Ultrasound - Focused 1st Trimester Pregnancy, Transvaginal Exam
Ultrasound: Focused 1st Trimester Pregnancy (Transvaginal Assesment)
- Confirm intrauterine pregnancy (IUP) and estimating its viability
- Look for signs of ectopic pregnancy
Transducer: High-frequency endocavitary transducer
Windows: Transvaginal view using cervix as window
1. Coronal / transverse view
Directional indicator: Pointed to patient’s right side
Figure 1: Appropriate transducer orientation for the coronal transvaginal exam
Figure 2: Ectopic pregnancy on transvaginal ultrasound, coronal view. Shown is a yolk sac within an extra-uterine gestational sac (black arrow) adjacent to an empty endometrium (e), outside of the uterus.
2. Sagittal / longitudinal view
Directional indicator: Pointed to anterior of patient (towards the ceiling)
Figure 3: Appropriate transducer orientation for the sagittal transvaginal exam
Figure 4: Intrauterine pregnancy on transvaginal ultrasound, sagittal view. Shown is a gestational sac containing a yolk sac and within the endometrium.
Both of these windows include a complete sweep through the uterus in each direction looking for a gestational sac and yolk sac or fetal pole within the endometrium.
Interpretation and Tips
An IUP for point-of-care purposes is defined as a yolk sac or fetal pole within a gestational sac within the endometrium. This indirectly excludes an ectopic pregnancy in an appropriate clinical setting.
Consider measuring the distance between the gestational sac and the edge of uterus. If this endomyometrial mantle thickness is <8 mm, then consider the possibility of an interstitial ectopic pregnancy.
An ectopic pregnancy will occasionally be seen as an extrauterine mass. However, free fluid in a pregnant patient without an IUP should also be considered an ectopic pregnancy until proven otherwise.
Inserting the transducer too deeply.
- The transducer should be inserted to the cervix, using it as a window. If you continue to push once at the cervix, the transducer will frequently slide into the posterior fornix and only bowel/rectum will be seen.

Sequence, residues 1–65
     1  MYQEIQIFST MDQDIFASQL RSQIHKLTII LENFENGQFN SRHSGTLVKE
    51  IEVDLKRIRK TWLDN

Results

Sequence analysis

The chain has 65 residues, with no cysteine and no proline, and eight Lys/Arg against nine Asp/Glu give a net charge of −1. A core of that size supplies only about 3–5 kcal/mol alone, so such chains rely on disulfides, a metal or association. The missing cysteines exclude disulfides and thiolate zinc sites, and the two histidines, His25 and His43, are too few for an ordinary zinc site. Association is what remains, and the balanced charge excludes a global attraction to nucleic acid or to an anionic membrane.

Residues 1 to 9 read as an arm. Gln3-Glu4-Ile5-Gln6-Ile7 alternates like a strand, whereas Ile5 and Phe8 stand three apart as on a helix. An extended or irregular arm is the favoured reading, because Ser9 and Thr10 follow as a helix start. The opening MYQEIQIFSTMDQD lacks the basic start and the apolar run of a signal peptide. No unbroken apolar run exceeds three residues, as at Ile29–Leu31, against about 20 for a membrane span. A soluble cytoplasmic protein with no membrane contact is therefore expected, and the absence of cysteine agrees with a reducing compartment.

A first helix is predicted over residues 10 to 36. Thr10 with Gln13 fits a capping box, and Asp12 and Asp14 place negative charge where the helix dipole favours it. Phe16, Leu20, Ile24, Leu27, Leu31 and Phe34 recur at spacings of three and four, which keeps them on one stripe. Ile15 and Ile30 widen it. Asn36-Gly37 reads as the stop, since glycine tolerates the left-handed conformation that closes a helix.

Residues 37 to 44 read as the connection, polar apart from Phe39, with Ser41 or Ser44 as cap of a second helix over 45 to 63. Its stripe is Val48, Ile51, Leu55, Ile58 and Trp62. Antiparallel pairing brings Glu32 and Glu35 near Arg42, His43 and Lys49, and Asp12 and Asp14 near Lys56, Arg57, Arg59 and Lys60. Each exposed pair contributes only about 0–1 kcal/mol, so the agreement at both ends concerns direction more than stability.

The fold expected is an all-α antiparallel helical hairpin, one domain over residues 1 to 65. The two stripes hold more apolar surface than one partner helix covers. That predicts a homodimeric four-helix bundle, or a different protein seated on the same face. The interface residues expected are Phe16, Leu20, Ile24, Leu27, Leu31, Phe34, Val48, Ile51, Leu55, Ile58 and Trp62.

Scanning with a full bladder.
- While the transabdominal approach is enhanced by a full bladder, the patient should empty their bladder prior to transvaginal scanning to improve visualization.
Calling a gestational sac an IUP.
- At least a yolk sac is needed. A pseudogestational sac with an ectopic pregnancy is possible.
Relying on the quantitative beta-HCG and “discriminatory zone” for decision-making.
- Over 40% of ectopic pregnancies will have beta-HCG levels below the discriminatory zone.
Considering an “inconclusive scan” negative for ectopic.
- Ectopic pregnancies are almost always ruled-out by finding an IUP. Absence of an extrauterine mass does not exclude ectopic pregnancy.
Failure to recognize specific high-risk populations.
- Patients undergoing assisted reproductive therapy have a much higher (1-3%) incidence of heterotopic pregnancy. Identification of an IUP does not exclude a co-existing ectopic in this group.
- Wang R, Reynolds TA, West HH, et al. Use of a β-hCG discriminatory zone with bedside pelvic ultrasonography. Ann Emerg Med. 2011;58(1):12-20. [PubMed]
- Tayal VS, Cohen H, Norton HJ. Outcome of patients with an indeterminate emergency department first-trimester pelvic ultrasound to rule out ectopic pregnancy. Acad Emerg Med. 2004;11(9):912-7. [PubMed]